GREEN BAY – While many in the Packers' locker room get ready for their first NFL playoff appearance Sunday night, there also are a dozen veterans who've been eagerly awaiting Green Bay's return to postseason play.
The 2016 rookie class of Kenny Clark, Dean Lowry, Blake Martinez, Kyler Fackrell and Geronimo Allison advanced all the way to the NFC Championship Game as rookies.
The same goes for Davante Adams and Corey Linsley, the two remaining members of the 2014 draft class, while David Bakhtiari was a rookie left tackle when Green Bay won the NFC North title in dramatic fashion over Chicago in 2013.
And then there's the four remaining members from the Packers' Super Bowl XLV team – Aaron Rodgers, Mason Crosby, Tramon Williams and Bryan Bulaga.
With Sunday's NFC Divisional matchup with Seattle on the horizon, all 12 players derive motivation from different places. But they're united in their appreciation for the opportunity at hand following a two-year postseason absence.
"Once you've been out of it for two years like we were with the playoffs, you appreciate these so much more," said Bulaga, who at 21 years old was the youngest player in NFL history to start a Super Bowl game. "It's not a guarantee every year that you're going to be in, so being here you're trying to relate to guys who haven't been here that every play matters, every snap matters."
Of the four remaining players with Super Bowl rings, Williams is the only one in his second stint with the Packers. After leaving as an unrestricted free agent in 2014, Williams played two seasons with Cleveland and another with Arizona before re-signing with Green Bay in March 2018.
His previous final game with the Packers came in the 2014 NFC Championship, when Russell Wilson connected with Jermaine Kearse on a 35-yard touchdown to clinch a 28-22 overtime victory.
Five years later, Williams told reporters this week he's moved on from that game. However, Williams is thankful for Green Bay bringing him back two years ago and giving him a chance to potentially end his career on a much higher note.
"I think like anybody when you establish yourself in a certain position with a certain team, you want it to go out ideal," Williams said. "And ideally, that wasn't the way that I wanted to go out as a Packer. If I did, then I would live with it. No doubt about it. But I was thankful enough to get another opportunity, and I will forever be grateful for that."
Rodgers has had one of his most enjoyable seasons in 2019. Whether it's been the relationships he's cultivated with an established veteran like Marcedes Lewis or even an undrafted free agent like Allen Lazard, Rodgers feels the character, continuity and resolve of this year's team has propelled it into a special category.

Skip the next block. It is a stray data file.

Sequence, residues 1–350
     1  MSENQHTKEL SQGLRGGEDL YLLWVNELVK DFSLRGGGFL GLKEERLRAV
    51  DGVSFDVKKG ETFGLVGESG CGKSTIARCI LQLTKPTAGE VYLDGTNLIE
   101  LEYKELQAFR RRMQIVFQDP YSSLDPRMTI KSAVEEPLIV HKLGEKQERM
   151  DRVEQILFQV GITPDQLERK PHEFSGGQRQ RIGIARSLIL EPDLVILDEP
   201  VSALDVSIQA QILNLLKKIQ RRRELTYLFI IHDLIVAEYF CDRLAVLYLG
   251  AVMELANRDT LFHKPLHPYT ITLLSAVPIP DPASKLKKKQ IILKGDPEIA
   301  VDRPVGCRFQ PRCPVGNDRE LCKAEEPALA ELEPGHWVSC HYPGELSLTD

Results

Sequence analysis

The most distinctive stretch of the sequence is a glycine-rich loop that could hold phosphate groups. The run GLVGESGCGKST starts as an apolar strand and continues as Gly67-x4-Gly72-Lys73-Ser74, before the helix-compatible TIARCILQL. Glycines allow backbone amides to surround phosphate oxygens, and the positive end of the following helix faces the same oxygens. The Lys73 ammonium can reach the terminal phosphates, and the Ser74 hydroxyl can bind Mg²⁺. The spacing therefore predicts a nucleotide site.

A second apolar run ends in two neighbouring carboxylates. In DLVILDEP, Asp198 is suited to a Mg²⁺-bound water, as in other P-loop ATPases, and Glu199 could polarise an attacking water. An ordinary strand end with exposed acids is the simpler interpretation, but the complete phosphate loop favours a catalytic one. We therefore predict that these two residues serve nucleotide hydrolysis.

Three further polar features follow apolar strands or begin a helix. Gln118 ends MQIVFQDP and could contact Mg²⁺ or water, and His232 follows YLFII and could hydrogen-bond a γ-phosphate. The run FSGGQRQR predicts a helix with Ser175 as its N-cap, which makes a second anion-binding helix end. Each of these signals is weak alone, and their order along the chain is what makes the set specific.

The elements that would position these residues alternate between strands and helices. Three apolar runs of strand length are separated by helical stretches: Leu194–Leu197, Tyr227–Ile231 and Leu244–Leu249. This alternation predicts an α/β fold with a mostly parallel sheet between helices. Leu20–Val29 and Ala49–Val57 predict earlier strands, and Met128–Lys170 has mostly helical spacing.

Rodgers, now in his 15th NFL season, is roughly the same age Brett Favre was when the Packers drafted him in the first round back in 2005. The landscape has changed slightly from five years ago when Rodgers was still a decade away from his goal of playing into his 40s. Now, "I'm 36 so now we're a half a decade away."
That's why a run like the Packers have had this season means just a little bit more to Rodgers – not to mention few expected Green Bay to experience such immediate success under first-year Head Coach Matt LaFleur. The Packers' 13-win regular season after going 6-9-1 a year ago marked the greatest one-year turnaround in franchise history.
Nearly 10 years removed from the Packers' Super Bowl triumph in Dallas, Rodgers stepped back in reflection when asked this week about chasing another Lombardi Trophy. For everything he's accomplished, the two-time MVP quarterback wants another championship and is willing to do "whatever it takes" to get that job done.
"It's on my mind every day," Rodgers said of a possible second league title. "That's why we play the game. That's why you put in the time in the offseason, that's why you do the little things. It's to put yourself in this position, where we're two games away from being able to compete for that. I'm 36, I know what this is all about. This is an important opportunity for us."
The Packers indubitably are the healthiest they've been since 2014 entering Sunday. This week, many veterans have driven home to the younger players on the roster how special these seasons can be, while also reminding them to treat the postseason just like any other game.
Sometimes that can be easier said than done. Bulaga points out how "momentum shifts in playoffs are like nothing else." Every team is supremely talented and the complexion of a game can turn on just one play. When adversity sets in, it's critical to stay dialed in and move on to the next play.
The Packers have experience where it counts, though. In addition to the 12 remaining Packers from the 2016 NFC Championship Game, recent free-agent signings Za'Darius and Preston Smith, Adrian Amos and Lewis also possess postseason experience from their previous NFL stops.
It has been a special week, though, for those who played a role in the Packers' eight consecutive playoff appearances from 2009-16. After a two-year absence, those dozen players are champing at the bit for another shot at postseason glory.
"It's what we do this for," Bulaga said. "This is what it's about."